Daily Digest - September 5: Looking for Funding in All the Right Places

Sep 5, 2013Tim Price

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Policy Note: Will Crowdfunding Kickstart an Investment Revolution? (Roosevelt Institute)

Roosevelt Institute Fellow Georgia Levenson Keohane examines the proliferation of peer-to-peer financing models like Kickstarter and the questions they pose for policymakers who must balance their support for new business models with their desire to protect investors and preserve the concept of public goods.

The Vultures' Victory (Project Syndicate)

Roosevelt Institute Chief Economist Joseph Stiglitz argues that a recent decision by the Second Circuit Court of Appeals could prevent troubled countries like Argentina from restructuring their sovereign debt by allowing some unscrupulous hedge funds to buy up their old bonds and demand full repayment.

FCC's program-carriage rules mainly upheld by U.S. appeals court (LA Times)

Joe Flint writes that the Second Circuit also ruled against cable companies' claims that preventing them from discriminating against independent stations was an unacceptable violation of their freedom of speech. As Roosevelt Institute Fellow Susan Crawford notes, not all First Amendment cases are created equally.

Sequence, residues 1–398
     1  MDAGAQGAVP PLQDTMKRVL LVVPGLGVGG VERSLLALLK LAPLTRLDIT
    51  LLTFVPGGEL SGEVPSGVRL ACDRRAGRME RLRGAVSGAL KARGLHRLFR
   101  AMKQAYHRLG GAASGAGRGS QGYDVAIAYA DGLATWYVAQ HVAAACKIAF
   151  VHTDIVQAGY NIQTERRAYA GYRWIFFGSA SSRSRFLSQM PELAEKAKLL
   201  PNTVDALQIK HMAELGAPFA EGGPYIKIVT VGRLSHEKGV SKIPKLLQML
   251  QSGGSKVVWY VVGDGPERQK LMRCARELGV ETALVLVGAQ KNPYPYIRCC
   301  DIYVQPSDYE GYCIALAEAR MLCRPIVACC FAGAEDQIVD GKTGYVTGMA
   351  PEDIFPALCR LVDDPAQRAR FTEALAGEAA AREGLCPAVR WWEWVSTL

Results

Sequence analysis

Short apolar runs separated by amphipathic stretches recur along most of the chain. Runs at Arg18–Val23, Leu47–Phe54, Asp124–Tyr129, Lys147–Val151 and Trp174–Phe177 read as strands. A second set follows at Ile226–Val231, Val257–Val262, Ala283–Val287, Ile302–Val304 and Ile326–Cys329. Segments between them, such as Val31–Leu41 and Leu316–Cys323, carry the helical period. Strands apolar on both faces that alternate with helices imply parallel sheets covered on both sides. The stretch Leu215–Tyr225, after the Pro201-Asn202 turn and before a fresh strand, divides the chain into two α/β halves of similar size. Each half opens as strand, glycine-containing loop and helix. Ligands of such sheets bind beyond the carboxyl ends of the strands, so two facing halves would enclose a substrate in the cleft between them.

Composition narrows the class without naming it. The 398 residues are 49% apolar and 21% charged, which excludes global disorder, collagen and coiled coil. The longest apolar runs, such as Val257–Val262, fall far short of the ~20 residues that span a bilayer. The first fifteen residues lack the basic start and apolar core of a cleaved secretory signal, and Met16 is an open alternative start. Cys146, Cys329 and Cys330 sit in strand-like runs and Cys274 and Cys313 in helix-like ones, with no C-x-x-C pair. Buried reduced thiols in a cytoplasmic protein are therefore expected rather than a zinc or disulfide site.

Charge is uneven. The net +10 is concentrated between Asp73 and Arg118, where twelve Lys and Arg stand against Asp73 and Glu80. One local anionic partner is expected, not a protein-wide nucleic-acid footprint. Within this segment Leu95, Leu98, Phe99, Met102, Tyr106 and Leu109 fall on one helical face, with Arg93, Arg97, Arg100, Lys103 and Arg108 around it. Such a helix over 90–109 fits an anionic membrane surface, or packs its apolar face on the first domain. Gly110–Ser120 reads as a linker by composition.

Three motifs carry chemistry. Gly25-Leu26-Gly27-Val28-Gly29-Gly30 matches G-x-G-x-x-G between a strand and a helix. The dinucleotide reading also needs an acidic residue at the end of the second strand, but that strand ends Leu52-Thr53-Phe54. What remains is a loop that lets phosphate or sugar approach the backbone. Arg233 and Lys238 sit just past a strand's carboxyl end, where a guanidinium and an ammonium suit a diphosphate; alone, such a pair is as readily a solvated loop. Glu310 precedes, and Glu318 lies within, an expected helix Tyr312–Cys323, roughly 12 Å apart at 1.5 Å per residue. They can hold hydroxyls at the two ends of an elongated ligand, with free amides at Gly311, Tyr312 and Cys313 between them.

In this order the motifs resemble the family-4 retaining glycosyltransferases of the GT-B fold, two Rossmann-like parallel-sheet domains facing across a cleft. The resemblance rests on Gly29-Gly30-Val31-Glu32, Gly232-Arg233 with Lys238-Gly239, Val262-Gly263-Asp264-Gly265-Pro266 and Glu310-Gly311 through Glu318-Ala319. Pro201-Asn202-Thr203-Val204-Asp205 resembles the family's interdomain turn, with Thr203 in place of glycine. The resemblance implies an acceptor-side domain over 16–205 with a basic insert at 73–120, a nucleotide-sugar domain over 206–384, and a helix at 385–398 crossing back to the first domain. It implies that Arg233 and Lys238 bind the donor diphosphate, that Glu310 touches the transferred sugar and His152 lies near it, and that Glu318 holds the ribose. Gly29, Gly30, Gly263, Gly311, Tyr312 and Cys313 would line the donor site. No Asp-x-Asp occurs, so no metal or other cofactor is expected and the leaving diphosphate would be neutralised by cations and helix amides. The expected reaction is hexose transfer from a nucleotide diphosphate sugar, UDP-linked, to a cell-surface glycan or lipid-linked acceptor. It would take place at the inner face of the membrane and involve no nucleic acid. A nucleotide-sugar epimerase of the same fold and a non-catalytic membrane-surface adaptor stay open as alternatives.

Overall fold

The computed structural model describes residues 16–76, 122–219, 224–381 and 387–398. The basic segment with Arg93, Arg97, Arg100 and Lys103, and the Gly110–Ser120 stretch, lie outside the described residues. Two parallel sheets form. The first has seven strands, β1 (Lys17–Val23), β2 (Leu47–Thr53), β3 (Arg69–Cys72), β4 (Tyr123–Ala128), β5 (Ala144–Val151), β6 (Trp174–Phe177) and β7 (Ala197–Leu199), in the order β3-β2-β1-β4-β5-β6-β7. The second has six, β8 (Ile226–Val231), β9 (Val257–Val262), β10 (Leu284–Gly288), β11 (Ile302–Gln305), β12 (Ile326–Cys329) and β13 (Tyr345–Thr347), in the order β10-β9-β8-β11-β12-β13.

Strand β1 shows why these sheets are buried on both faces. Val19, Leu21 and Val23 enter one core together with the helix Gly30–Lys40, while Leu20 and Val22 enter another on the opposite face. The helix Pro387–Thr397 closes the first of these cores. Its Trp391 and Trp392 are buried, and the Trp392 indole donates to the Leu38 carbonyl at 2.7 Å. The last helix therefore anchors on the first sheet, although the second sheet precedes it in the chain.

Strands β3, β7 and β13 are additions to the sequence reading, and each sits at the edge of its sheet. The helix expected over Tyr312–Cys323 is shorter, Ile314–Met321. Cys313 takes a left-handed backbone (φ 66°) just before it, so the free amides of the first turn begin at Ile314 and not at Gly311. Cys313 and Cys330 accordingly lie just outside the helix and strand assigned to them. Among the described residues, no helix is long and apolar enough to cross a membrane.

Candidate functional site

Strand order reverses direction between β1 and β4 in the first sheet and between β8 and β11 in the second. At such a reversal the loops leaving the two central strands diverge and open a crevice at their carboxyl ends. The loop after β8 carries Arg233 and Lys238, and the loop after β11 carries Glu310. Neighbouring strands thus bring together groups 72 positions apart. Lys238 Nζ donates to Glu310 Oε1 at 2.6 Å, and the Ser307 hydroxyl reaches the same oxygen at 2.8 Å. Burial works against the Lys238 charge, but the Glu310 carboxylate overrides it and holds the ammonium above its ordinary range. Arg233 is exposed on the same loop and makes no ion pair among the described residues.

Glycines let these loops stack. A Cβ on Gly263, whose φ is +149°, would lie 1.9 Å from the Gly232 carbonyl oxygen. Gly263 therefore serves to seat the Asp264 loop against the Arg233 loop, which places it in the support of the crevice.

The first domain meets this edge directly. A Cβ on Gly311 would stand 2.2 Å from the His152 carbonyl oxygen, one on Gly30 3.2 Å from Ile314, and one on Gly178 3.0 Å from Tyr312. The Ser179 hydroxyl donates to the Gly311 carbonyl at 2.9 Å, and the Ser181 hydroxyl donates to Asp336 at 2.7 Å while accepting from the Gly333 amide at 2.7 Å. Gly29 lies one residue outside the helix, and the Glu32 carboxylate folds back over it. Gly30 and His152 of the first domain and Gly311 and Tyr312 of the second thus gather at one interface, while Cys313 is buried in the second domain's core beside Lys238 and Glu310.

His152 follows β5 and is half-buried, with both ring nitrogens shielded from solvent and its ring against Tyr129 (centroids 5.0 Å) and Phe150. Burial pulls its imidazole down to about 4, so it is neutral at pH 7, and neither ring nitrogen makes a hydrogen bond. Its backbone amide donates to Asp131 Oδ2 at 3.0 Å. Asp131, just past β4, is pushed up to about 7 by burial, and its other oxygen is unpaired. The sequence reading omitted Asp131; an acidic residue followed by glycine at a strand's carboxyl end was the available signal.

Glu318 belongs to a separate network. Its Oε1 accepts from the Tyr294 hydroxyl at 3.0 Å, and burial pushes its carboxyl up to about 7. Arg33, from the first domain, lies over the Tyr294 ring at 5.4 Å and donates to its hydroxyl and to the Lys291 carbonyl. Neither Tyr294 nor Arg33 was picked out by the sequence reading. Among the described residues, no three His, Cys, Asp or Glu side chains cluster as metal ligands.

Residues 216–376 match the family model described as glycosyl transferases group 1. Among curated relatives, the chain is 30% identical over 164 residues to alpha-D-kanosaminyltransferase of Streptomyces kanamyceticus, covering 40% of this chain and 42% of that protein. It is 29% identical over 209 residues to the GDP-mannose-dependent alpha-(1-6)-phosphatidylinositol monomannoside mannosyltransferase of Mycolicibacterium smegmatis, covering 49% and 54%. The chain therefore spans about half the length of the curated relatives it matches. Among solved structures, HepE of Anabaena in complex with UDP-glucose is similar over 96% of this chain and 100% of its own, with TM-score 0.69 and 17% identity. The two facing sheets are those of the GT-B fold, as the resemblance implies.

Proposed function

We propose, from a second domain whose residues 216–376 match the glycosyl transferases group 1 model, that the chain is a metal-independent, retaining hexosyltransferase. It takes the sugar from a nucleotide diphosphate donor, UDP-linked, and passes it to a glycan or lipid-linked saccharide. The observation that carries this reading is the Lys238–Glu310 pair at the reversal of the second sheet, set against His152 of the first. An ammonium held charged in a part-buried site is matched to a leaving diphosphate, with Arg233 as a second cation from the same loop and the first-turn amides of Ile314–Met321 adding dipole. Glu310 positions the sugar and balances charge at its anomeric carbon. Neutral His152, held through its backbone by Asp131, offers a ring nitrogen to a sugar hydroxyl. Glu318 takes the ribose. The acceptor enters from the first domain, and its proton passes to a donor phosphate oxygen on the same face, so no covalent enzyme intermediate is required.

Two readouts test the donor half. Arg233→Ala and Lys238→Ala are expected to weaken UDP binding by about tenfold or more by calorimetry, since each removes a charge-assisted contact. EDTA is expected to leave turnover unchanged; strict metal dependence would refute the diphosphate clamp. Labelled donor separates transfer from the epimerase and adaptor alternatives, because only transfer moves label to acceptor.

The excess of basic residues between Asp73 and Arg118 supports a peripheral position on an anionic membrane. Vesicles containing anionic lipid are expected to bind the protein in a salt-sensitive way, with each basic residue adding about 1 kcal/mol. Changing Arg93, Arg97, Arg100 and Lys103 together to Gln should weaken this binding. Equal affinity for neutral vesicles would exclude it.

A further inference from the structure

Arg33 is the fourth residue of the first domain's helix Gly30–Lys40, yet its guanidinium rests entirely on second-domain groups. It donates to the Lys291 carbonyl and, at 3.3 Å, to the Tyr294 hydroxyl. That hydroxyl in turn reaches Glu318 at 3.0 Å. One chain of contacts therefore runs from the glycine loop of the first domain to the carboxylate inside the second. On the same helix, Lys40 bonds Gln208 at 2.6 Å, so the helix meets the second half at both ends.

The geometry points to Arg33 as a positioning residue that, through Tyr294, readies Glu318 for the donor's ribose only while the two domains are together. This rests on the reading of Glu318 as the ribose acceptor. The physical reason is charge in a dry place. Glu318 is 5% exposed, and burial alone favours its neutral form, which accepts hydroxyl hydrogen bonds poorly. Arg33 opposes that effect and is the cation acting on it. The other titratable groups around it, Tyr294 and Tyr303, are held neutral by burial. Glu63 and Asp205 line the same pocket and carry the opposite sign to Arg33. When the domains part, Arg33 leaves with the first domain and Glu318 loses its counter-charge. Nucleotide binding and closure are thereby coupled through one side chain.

In Fed Succession, Obama's Favorite Faces Opposition (NYT)

Jackie Calmes reports that many critics remain strongly opposed to the idea of Larry Summers replacing Ben Bernanke as Fed chair, but President Obama is still inclined to go with the "stand-up dude" with whom he's developed a working relationship instead of the non-dude he doesn't know as well.

How the Bank Lobby Loosened U.S. Reins on Derivatives (Bloomberg)

Once upon a time, CFTC commissioner Gary Gensler was pushing for much stricter regulation of domestic and overseas derivatives trading than he's likely to get now, but the banking industry managed to undermine him at every turn with a strategy that could be called Occupy Gary Gensler's Office.

Austerity Is for the Little People: Syria Edition (The Nation)

Allison Kilkenny notes that while public services are being slashed across the country due to budget cuts, officials who support military intervention in Syria seem confident that it can be done on the cheap and that we can scrounge up the money for it if we need to, just like our last multi-trillion-dollar war.

This chart shows why $270 billion in housing aid hasn't solved homelessness (WaPo)

Dylan Matthews highlights a report from the CBPP that shows most federal housing expenditures go to Americans who are making six figures a year or more, so they aren't helping poor people to afford a home so much as they're helping affluent homeowners afford the breakfast nook of their dreams.

States divert foreclosure prevention money to demolitions (Marketplace)

Kate Davidson reports that the Treasury Department has decided to allow states that are receiving money from its $7.6 billion foreclosure prevention program, the Hardest Hit Fund, to use some of those funds to knock down abandoned houses rather than using it all to keep current homeowners in place.

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